Monosodium glutamate
                                                                                Picture: Magazine la ruchequiditoui


What are the risks?

The food industry is adding more and more glutamate. One of the main reasons for this is to make the food taste better, as well as to create an “addictive sensation”. This additive does not cause addiction as such, but it does cause low satiety and an increased desire to eat. In fact, it is difficult not to find an article on the web that speaks highly of this substance. It is true that it is not classified as a dangerous ingredient, but it is important to know the risks of glutamate consumption:


  • Cardiovascular disease: it promotes the risk of cardiovascular disease and hypertension. In addition, the secretion of insulin by this substance also increases the risk of diabetes.
  • Risk of “addiction”: MSG is an excitatory neurotransmitter. Frequent consumption can lead to loss of taste and enjoyment of foods with additives.
  • Allergy: Glutamic acid intolerance means allergy to the additive. This does not affect too many people, but it is still advisable to limit consumption of industrial foods or foods with a high glutamic acid content.
  • Weight gain: to the “addiction” we add weight gain. This additive increases the uncontrollable urge to eat more, which leads to rapid weight gain. In addition, it triples the insulin level in the blood and predisposes to obesity. The clear example of this risk is bags of chips (your favourite), it is very difficult or almost impossible to stop eating them or to keep a bag for more than two days.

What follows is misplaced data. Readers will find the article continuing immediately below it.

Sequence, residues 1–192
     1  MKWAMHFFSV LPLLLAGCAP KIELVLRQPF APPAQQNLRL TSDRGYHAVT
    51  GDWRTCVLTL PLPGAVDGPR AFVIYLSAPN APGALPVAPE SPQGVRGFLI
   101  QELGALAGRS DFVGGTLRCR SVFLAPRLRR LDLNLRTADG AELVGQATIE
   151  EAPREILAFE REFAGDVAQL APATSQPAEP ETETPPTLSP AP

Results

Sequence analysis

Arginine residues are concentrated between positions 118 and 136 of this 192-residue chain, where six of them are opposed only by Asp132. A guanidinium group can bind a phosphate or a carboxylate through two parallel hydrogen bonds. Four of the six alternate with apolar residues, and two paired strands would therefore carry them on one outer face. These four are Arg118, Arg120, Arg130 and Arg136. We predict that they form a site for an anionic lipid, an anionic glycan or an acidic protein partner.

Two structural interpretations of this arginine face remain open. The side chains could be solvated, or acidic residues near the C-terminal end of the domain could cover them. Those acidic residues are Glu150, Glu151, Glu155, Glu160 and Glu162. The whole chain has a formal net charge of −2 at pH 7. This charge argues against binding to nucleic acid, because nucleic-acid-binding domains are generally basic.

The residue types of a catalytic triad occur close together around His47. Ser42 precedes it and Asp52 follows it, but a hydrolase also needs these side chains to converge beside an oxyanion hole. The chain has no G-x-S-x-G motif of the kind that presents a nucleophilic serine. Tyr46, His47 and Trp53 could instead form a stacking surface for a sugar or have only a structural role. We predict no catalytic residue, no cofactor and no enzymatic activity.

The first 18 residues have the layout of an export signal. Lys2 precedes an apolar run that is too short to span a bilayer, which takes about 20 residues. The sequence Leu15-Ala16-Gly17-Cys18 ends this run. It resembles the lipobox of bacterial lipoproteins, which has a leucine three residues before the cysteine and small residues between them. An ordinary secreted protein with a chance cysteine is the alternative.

• Chinese restaurant syndrome: as mentioned above, Chinese restaurant syndrome is considered to be a phenomenon caused by ingesting large amounts of glutamate.



Monosodium glutamate

A commitment to healthy eating in mentta

Foods with the most MSG

  • Soya: a relevant fact is that oriental food has the highest amount of monosodium glutamate, and soya could not be less.
  • Cheese: Parmesan, Roquefort, cheddar…Most of the packaged cheeses we eat contain this additive.
  • Meat: Serrano ham or cured sausages, generally packaged, are not far behind either.
  • Fish: especially tuna, anchovies, bonito, squid, clams.
  • Fruit juices and sachet soups: generally all contain some of this substance to intensify their flavour.
  • Vegetables: they naturally contain glutamate, such as peas, mushrooms or tomatoes.
  • Chips and potatoes: potato crisps, chips, pipes…Everything you can imagine in the delicious world of snacks contains this additive.

Staying full on healthy food is more complicated, especially without enough information. If you want to eat healthily and get enough to keep you satiated so that you don’t snack all afternoon, don’t miss our posts, especially the ones about satiating foods. Take note!




  • Navarro, C. (2021, 12 Marzo). Por qué conviene evitar los glutamatos (aditivos potenciadores de sabor).
  • Anónimo. (2020, 12 Diciembre). Propiedades y beneficios sobre el glutamato. .
  • Anónimo. (2021, 17 Enero). Definición: qué es el aminoácido glutamato o glutamato de sodio.
  • Anónimo. (2022, 31 Enero). Glutamato monosódico, ¿es cierta la leyenda negra que pesa sobre este aditivo?
  • Montes, R. (2018, 21 Octubre). Beneficios y efectos adversos del glutamato.
  • Pérez, C. (2021, 3 Marzo). Glutamato monosódico: qué es, efectos secundarios, riesgos y cómo encontrarlo.